The Justice Committee’s decision to expunge remarks by Conservative MP Michael Cooper about the man who murdered 51 people at two Christchurch mosques last March, will require consent by the House of Commons.

A day after the committee’s vote, its chair and Liberal MP Anthony Housefather admitted he was unsure of rules regarding procedure in this rare, yet albeit formerly exacted prerogative.

“Neither me nor Mr. Boissonnault are people who know all the rules of Parliament. But I think (the decision is) something that reports to the House of Commons,” Housefather told reporters after the Liberal caucus meeting Wednesday. “There is a possibility that it will lead to a vote, but it will require someone to propose a competition request to the Committee’s proposal.”

Heather Bradley, spokesperson for House Speaker Geoff Regan, clarified the process in an email to The Post Millennial.

“The chair or another member could seek unanimous consent (from the House) to see it adopted immediately,” Bradley writes. “Alternatively, someone could put on notice a motion to see the report concurred in…one way or another, the report needs to be adopted before the written and audio committee proceedings can be modified.”

At Justice Committee’s May 28 hearings on tackling ‘online hate’, Cooper challenged a witness who noted that the murderer who shot six people at a Québec mosque in January 2017 had an interest in “conservative commentators”.

“I take great umbrage with your defamatory comments to try to link conservatism with violent and extremist attacks,” said Cooper, the committee’s vice-chair. “They have no foundation, they’re defamatory and they diminish your credibility as a witness.”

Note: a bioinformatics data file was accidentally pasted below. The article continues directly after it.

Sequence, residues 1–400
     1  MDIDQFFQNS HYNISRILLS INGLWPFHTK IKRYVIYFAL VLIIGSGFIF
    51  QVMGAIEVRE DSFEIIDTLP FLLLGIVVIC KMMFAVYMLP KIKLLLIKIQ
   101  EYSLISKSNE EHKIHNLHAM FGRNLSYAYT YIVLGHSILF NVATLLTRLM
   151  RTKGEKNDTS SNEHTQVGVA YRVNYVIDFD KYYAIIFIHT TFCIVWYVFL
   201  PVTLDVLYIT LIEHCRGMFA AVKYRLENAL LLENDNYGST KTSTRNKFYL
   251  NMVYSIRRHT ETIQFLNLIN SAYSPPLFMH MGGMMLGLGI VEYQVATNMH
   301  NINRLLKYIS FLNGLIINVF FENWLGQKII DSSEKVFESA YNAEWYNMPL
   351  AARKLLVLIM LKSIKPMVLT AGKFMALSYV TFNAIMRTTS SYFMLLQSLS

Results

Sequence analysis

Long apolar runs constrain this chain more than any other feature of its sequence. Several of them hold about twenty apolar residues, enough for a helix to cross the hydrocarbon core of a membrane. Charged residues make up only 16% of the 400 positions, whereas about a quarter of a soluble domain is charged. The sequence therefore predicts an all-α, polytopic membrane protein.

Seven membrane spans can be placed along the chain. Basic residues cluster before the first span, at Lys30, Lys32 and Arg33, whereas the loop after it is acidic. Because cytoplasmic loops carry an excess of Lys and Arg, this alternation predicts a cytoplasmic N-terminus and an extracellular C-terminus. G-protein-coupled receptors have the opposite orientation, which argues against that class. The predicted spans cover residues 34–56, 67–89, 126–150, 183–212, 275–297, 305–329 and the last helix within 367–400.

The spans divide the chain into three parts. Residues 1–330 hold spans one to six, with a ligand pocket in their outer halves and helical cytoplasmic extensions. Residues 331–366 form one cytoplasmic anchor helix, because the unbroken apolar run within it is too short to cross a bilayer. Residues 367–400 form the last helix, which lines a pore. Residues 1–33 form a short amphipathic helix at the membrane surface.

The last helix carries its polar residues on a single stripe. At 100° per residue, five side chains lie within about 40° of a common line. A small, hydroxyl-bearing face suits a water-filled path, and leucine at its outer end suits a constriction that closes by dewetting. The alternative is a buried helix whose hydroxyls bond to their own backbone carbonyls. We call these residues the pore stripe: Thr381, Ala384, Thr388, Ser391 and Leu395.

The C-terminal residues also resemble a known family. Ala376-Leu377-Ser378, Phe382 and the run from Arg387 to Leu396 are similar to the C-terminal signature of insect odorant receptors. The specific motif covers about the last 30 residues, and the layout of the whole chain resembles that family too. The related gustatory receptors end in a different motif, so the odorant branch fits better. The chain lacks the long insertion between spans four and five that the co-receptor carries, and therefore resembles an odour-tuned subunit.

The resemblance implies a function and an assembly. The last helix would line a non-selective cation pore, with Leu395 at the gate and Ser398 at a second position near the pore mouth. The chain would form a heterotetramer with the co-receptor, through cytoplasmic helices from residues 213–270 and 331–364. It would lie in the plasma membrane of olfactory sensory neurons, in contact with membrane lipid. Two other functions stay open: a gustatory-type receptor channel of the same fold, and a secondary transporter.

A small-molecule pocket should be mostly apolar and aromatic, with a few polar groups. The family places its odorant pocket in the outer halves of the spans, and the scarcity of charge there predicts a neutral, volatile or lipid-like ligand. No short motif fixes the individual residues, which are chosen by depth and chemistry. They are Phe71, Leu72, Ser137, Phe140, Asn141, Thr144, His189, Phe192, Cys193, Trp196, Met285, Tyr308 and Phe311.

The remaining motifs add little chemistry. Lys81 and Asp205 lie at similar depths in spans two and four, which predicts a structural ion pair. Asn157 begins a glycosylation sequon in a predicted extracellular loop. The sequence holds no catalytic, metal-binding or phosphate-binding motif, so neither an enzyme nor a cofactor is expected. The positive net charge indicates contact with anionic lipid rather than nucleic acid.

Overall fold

During his opening statement, Faisal Khan Suri, Alberta Muslim Public Affairs Council president, referenced Alexandre Bissonnette’s search-engine preferences that are reported to included U.S. pundit Ben Shapiro and UK YouTube personality Paul Joseph Watson.

After telling Suri he should “be ashamed” for suggesting conservatism formed inspiration for such heinous crimes, Cooper recited Christchurch shooter Brenton Tarrant’s love of China’s dictatorship and a hatred for capitalism from the killer’s 74-page manifesto called The Great Replacement as rebuttal.

On Saturday via Twitter, Opposition Conservative leader Andrew Scheer yanked his party’s deputy Justice Critic from the committee for insulting Suri.

At Justice committee Tuesday morning, before a trio of “conservative commentators” were set to testify on the matter of ‘online hate’, Liberal MP Randy Boissonnault moved a motion to “expunge” Cooper’s mention of the Tarrant and his manifesto as if it never happened.

“This is about doing the right thing here at Justice committee and cleaning up the record,” Boissonneault said.

Yesterday, Housefather denied the Justice committee’s official records were being scrubbed.

“We’re not denying that it happened. Simply the words will be removed and the name of the shooter will be removed according to how I read that resolution,” Housefather told reporters.

According to Bradley, previous decisions to wipe or redact elements of testimony from the official parliamentary record related to privacy.

“Expunging the record is not something that happens often,” she writes. “Most of the recent cases where a committee has taken such a decision have largely been where (members) felt it was necessary to remove a part of the testimony to protect the privacy of individuals in relation to what was said before committee.”